large painting on a wall in a gallery by awindow with sunlight coming in and making patterns with shadows  and light on the floor and on the wall

Miriam Cahn (b.1949) is a Swiss artist.

a number of paintings by Mirian Cahn on an art gallery wall

Most of the paintings are of faces or bodies and many of the pieces are sexually explicit, or brutally dark, or both.

a painting by Miriam Cahn, a naked man is punching a woman in the face,

two paintings of faces on a gallery wall

a number of paintings by Mirian Cahn on an art gallery wall

three people talking in a gallery with two large paintings of full frontal naked women on one of the walls

The exhibit continues until 2 Jan 2022.  More information can be found at the Power Plant website

The Art Gallery of Ontario has re-opened after several months of COVID lockdown. They have created an all new Andy Warhol exhibit in celebration.

This is some of what can be seen:

 

people standing in an art gallery looking a three large and colourful paintings by Andy Warhol of faces

below: Elvis Presley

a man in pale blue jacket and baseball cap stands in front of a portrait by Andy Warhol

below: Part of a series of images of an electric chair in different colours

two women look at prints of electric chair in 4 different colour tones

three young women look at two paintings of guns by Andy Warhol, large and on a gallery wall

a couple pass by six Andy Warhol paintings. Two of Debbie Harry and two of Dollie Parton and two of Mick Jagger

below: Debbie Harry

Andy Warhol portrait of Debbie Harry

below: Karen Kain

two portraits of Karen Kain, one on turquoise background and the other on light purple background

The exhibit is on until October 2021.

green ribbon woven into the chainlink fence between the West Toronto Railpath and MOCA, the Museum of Contemporary Art

The main exhibit at MOCA, Museum of Contemporary Art, when I was there a couple of weeks ago was ‘Acts of Erasure’.

“Acts of Erasure brings the two distinct artistic practices of Fatma Bucak and Krista Belle Stewart into dialogue. This pairing opens space for conversations around political identity concerning land and heritage, historical repression, and more.”   I’ve added this sentence because every review I’ve read of this exhibit start with these words that also appear on the MOCA website and on the wall in the gallery.

This exhibit was part of the Scotiabank CONTACT Photography Festival that was planned for May 2020 but this being the year of Covid, it had to be rescheduled.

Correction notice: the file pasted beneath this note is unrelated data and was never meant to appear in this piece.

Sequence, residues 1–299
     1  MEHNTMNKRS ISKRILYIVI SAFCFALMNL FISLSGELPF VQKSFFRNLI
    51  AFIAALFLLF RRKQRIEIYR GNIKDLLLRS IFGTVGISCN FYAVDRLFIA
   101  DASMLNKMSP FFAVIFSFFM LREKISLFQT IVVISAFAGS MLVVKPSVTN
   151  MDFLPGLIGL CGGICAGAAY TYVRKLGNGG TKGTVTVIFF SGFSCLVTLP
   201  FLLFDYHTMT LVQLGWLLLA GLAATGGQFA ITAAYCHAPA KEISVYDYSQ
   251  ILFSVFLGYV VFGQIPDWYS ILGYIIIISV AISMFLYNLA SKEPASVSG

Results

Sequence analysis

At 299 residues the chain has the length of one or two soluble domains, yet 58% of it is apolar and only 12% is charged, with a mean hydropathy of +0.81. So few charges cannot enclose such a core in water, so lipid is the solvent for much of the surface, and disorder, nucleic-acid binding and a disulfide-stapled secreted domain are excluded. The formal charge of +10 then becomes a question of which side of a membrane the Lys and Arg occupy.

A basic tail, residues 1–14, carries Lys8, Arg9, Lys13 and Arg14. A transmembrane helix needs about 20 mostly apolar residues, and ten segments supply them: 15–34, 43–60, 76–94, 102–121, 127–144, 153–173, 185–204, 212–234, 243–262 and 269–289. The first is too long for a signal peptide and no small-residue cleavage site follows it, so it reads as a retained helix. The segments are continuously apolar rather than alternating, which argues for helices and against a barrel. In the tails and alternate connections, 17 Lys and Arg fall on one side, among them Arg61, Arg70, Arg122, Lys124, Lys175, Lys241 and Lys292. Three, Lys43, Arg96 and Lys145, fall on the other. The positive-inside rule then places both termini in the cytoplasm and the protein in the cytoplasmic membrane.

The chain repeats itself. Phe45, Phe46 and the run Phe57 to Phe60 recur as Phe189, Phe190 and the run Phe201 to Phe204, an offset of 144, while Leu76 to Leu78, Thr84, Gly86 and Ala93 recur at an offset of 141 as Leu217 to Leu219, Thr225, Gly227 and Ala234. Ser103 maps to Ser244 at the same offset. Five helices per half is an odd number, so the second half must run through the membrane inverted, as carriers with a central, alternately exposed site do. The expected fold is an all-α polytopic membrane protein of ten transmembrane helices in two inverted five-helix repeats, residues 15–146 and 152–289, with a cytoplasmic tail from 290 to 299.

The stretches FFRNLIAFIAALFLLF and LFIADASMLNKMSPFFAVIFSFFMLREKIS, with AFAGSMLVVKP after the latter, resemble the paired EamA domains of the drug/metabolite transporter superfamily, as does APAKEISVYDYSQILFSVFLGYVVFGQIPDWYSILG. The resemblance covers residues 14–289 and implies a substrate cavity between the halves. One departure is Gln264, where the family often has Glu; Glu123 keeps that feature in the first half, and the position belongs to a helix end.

Photos covering the floor were the work of Krista Belle Stewart who is a member of the Upper Nicola Band of the Syilx (Okanagan) Nation in British Columbia.   They are part of ‘Truth to Material’ and were taken in Germany were there is a group of people like to dress up and play Indian. They call themselves Indianers.  Once you know that, the fact that they are on the floor and not on the walls makes a bit more sense.

two boots walking on a picture on the floor

calves and shoes of people standing on pictures on the floor of a gallery

a person walking on the floor, pictures on the floor

below: A dress made by one of the Indianers.

pictures on the floor of a gallery

The other artist, Fatma Bucak was born in Iskenderun, on the Turkish-Syrian border;  she identifies as both Turkish and Kurdish.  Her contribution to the exhibit is ‘A Study of Eight Landscapes’, an ongoing project.  Each photograph is a pair of objects.  Each object was collected at one side of a border.  This is an attempt to explore the dynamics of borders, their effects on people living near them, the politics that result, and other consequences of having borders.

below: left: “Too Heavy” and right: “In Splendid Isolation”

two pictures at a gallery, one on the floor and one hanging on the wall

From the MOCA website: “….confronts the contingency of border spaces and the tenuous interdependency that resides within them. To produce these still-life photographs, Bucak worked collaboratively with people living and working near and across borderlands. The composed objects collected from these sites explore mental and material realities of spaces where conditions of life are highly dependent on the entities on either side of a border. The photographs present a stark view of transitional landscapes, such as those between the United States and Mexico, Turkey and Armenia, and Syria and Turkey.”

I would love to have more of the story explained to me, such as, what the objects are, where they came from, and why the artist chose them.  Isn’t it difficult to have a dialogue about random items removed from even minimal context?

below: left: ‘There May be Doubts’, center: ‘A Border View’, right: ‘Undetermined Remains’.

three pictures at a gallery

The day that I was at MOCA, the ground floor was being prepared for ‘Archipelago’ by Taiwanese painter and conceptual artist Michael Lin.  The designs are based on Taiwanese and Indonesian textiles and are being painted by local artists.